Why Texans hate talking about politics

Republican primary voting in the West University area of Houston on Tuesday March 6, 2018. Photo by Michael Stravato for The Texas Tribune

Texans don’t like talking politics because we’ve let Washington dictate what we understand politics to be.

The 2018 Texas Civic Health Index produced by the Annette Strauss Institute for Civic Life, reports that only 23 percent of Texans discuss politics often with their family or friends, placing Texas at 50th in the nation. How did we wind up at the bottom? And what can we do to pull ourselves up? We suggest reevaluating our routine understanding of politics. As many voters in our state slide towards silence and civic apathy, we must mute the screech of partisan conflict emanating from the national stage and reengage with the politics of city halls and backyards, the politics that has a tangible impact on citizens and their day-to-day lives.

These findings come at a time of broader national political disenchantment. A series of 2017 Gallup polls found that public dissatisfaction with the government was nearing a historic high. This dissatisfaction was centered on D.C. and the federal government, and back in Texas it showed on Election Day: Texas ranked 47th in the nation for voter turnout in the 2016 presidential election. Of those who reported not voting, 28 percent said they didn’t like the candidates or campaign issues and 13 percent said either that they weren’t interested or felt their vote wouldn’t make a difference.

Clearly, Texans and all Americans are increasingly repelled by the prevailing style of politics, a blend of national conflict, of us-versus-them, and of vitriol and incivility. But politics doesn't stop at the swamp's edge.

It’s time to rethink what we mean when we talk about politics: with pollsters, with friends and with those with whom we disagree. The discord that comes to many Americans’ minds when the word “politics” is mentioned is an incomplete representation of America’s political breadth. Much of the progress and policies made that visibly affect average Americans’ lives begin at the local scale. In school districts and backyard barbeques, in city councils and PTA meetings, the American experiment is energetically renewed every day.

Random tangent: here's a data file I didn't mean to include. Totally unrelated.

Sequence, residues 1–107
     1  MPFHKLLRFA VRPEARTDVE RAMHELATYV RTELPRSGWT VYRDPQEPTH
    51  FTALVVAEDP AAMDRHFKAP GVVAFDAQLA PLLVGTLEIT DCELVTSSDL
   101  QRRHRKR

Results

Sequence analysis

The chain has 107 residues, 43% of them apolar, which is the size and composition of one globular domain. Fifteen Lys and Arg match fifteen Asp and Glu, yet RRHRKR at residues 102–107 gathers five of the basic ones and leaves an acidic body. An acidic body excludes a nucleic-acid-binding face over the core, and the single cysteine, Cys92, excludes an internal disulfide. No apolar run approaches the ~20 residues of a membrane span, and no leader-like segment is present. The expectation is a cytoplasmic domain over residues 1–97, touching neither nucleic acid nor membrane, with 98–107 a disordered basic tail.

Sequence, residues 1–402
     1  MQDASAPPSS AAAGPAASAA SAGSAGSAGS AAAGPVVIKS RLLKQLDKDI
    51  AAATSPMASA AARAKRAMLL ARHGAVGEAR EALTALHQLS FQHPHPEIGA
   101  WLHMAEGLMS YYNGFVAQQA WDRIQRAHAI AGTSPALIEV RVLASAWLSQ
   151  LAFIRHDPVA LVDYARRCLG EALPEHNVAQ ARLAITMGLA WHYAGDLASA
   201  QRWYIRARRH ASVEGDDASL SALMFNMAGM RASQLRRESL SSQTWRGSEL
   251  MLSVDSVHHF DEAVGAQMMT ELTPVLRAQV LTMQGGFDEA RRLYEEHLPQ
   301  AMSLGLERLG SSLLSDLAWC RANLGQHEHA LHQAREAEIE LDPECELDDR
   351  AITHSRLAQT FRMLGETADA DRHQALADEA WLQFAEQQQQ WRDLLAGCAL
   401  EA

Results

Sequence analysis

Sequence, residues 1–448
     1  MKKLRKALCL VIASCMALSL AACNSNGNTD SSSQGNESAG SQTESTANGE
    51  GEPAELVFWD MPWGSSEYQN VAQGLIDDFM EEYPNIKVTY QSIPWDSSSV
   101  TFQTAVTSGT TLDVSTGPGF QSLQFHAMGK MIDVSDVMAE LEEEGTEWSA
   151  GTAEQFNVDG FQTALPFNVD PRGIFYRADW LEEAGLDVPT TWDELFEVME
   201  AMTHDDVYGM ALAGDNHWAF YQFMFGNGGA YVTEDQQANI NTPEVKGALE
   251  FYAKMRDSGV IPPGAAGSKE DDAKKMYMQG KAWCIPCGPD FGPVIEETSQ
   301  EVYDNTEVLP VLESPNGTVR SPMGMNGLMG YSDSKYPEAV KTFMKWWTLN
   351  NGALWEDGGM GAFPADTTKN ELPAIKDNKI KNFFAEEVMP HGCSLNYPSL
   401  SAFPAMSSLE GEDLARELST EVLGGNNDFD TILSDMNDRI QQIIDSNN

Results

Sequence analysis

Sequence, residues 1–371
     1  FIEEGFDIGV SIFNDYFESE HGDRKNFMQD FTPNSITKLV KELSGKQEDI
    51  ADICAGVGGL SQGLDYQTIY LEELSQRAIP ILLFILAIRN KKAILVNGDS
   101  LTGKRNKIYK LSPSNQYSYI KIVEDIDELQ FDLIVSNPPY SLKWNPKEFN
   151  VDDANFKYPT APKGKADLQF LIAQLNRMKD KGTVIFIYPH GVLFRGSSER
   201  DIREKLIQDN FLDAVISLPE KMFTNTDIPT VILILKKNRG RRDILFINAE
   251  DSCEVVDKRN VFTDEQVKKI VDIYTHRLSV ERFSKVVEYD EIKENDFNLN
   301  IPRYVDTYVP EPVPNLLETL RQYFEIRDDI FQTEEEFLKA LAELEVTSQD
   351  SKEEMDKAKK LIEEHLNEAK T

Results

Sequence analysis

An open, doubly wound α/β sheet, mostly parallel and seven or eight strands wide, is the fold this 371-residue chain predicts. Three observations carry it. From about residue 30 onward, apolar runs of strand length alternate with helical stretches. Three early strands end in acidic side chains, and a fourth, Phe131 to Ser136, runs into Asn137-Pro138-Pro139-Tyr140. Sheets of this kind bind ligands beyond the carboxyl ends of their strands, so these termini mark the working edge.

The Texas Civic Health Index begins by noting that “thriving communities and a healthy democracy depend on active citizen participation. Through political engagement, citizens have an opportunity to influence governmental actions and the policies that affect their lives.” This cannot occur without people talking politics. Political dialogue engages individuals in the governing process, allowing them to know more about the decisions being made in their communities that impact their lives. Talking politics is the crucial first step in becoming an active citizen.

The antidote to today’s venomous political dialogue lies in reframing our conversations around the humble politics that affect people’s everyday lives. Through respectful cooperation rather than ideological combat, we can counteract top-down political disenchantment with bottom-up civic engagement.

So, the next time that you set out to discuss politics with a friend or neighbor, ask them about the city’s public transportation, get their opinion on the school board’s latest policies, talk with them about policing practices, zoning and recycling regulations. Each of these subjects is as much a part of American politics as the Mueller investigation.

We can also try abandoning the breaking news alerts in our pockets for the flourishing civic spheres in our front lawns. It is there, downstream from the chaos consuming the nightly news, that most Americans have a personal investment in politics. It is there that we can subvert partisanship and find common ground that unites us as citizens. It is there, where politics is most tangible, that a renewal of civic engagement must begin.

The University of Texas at Austin and the Annette Strauss Institute for Civic Life have been financial supporters of The Texas Tribune, a nonprofit, nonpartisan news organization that is funded in part by donations from members, foundations and corporate sponsors. Financial supporters play no role in the Tribune's journalism. Find a complete list of them here.

Cade Stone

Research assistant, Annette Strauss Institute for Civic Life

Jay Jennings

Research fellow, Annette Strauss Institute for Civic Life